The Anatomical Organization of the Primate Auditory Pathways

  • Norman L. Strominger
Part of the Advances in Primatology book series (AIPR)


The mammalian auditory pathway consists of several nuclear complexes and interconnecting fiber tracts extending between the receptors located in the cochlea and the cerebral cortex. Bipolar perikarya of the primary neurons form the spiral ganglion and are part of the peripheral nervous system. Well-defined nuclei in the central nervous system include the cochlear nuclei, superior olivary complex, ventral nucleus of the lateral lemniscus, dorsal nucleus of the lateral lemniscus, inferior colliculus, medial geniculate body, and the auditory areas of the cerebral cortex. There are more nuclei in the auditory system and the pathway is more complicated than in other sensory systems. There also is an additional mandatory synapse in the auditory pathway of nonprimates and of primates at least through the phylogenetic level of Macaca mulatta; a minimum of four neurons, rather than three as in other sensory pathways, constitute the chain from the periphery to the cerebral cortex for most mammals. A common explanation for the unusual nature of the auditory pathway is based upon the late development of hearing in phylogenesis. Because of this, the auditory pathway presumably incorporated scattered structures which still were modifiable in what already had become a relatively stable nervous system. Another reason concerns the nature of audition itself. Hearing involves the analyses of such diverse functions as intensity, frequency, pattern, distance, direction, etc., and may perforce require a more complex pathway than other sensory systems.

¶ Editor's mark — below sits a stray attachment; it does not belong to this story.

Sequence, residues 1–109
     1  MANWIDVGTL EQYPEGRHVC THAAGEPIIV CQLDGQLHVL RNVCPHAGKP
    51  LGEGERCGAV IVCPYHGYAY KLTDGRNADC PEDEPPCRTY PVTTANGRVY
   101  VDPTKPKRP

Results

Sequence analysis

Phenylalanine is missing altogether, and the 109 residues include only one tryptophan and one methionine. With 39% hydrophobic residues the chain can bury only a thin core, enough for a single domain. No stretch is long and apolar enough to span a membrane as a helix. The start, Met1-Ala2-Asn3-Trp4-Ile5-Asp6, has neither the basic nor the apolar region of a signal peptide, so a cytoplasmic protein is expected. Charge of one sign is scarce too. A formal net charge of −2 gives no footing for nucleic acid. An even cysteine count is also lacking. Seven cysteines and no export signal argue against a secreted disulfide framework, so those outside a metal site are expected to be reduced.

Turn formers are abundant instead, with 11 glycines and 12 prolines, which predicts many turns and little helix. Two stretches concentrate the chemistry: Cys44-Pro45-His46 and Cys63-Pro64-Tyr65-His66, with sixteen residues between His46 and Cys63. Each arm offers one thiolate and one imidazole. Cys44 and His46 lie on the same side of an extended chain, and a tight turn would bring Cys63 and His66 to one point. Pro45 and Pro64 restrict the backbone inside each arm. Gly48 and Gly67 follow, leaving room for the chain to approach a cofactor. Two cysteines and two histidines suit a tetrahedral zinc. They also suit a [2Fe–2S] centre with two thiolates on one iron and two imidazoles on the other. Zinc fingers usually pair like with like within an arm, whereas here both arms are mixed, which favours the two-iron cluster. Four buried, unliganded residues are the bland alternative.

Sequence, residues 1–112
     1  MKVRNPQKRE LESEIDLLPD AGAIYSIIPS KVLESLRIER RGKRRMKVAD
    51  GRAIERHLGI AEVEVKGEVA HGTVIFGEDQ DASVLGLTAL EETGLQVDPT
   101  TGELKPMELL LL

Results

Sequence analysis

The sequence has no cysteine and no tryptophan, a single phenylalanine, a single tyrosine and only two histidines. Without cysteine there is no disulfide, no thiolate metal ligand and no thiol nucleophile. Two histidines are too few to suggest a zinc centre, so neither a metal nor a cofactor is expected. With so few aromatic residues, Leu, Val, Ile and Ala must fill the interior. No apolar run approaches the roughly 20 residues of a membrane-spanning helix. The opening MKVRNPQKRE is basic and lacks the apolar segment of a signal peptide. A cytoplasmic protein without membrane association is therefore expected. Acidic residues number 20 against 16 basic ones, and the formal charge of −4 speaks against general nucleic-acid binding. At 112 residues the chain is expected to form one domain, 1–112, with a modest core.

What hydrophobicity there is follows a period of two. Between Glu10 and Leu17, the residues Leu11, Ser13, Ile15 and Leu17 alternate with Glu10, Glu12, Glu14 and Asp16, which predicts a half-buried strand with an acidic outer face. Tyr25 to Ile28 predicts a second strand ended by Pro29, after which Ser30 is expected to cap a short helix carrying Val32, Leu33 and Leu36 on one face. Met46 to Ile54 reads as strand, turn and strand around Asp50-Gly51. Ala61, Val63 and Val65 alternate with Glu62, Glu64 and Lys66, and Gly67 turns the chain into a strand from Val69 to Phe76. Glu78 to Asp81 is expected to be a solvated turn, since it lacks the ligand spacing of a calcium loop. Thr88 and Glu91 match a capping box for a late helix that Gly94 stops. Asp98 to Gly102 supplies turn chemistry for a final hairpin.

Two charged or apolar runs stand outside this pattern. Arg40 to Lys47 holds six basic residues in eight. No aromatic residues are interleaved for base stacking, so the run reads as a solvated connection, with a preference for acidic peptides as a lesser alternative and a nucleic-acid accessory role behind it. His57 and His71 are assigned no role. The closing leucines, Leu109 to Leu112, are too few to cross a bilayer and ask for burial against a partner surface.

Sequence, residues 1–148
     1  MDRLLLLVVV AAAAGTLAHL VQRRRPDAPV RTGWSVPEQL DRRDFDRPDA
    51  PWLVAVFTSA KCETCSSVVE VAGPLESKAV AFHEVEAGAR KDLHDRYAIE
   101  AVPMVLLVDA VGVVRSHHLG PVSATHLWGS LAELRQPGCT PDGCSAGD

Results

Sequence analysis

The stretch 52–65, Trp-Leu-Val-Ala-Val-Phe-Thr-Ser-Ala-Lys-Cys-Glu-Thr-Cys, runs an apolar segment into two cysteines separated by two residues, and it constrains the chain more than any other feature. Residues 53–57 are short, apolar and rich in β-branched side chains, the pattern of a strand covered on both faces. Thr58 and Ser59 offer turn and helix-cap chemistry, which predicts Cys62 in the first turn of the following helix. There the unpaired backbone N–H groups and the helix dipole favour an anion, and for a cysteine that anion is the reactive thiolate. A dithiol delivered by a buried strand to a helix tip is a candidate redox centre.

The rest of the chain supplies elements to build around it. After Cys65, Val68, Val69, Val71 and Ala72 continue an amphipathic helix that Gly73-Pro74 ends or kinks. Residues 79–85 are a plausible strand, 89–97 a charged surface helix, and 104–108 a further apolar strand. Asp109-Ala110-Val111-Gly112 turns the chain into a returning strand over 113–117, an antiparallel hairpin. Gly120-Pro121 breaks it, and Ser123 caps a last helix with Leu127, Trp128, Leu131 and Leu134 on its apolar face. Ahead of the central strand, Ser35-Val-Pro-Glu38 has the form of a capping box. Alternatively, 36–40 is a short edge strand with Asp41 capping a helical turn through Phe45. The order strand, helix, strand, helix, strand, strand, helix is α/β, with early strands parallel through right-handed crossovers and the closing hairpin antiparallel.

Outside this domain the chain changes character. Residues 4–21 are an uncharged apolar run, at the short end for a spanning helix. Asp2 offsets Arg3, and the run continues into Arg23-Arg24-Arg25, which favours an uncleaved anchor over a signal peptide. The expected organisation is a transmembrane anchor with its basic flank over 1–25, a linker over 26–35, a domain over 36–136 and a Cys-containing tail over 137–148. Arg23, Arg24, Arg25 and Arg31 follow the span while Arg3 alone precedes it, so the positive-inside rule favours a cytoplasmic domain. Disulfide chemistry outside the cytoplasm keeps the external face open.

Auditory Cortex Inferior Colliculus Superior Temporal Gyrus Cochlear Nucleus Auditory Pathway 
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Copyright information

© Plenum Press, New York 1978

Authors and Affiliations

  • Norman L. Strominger
    • 1
  1. 1.Department of AnatomyAlbany Medical College of Union UniversityAlbanyUSA

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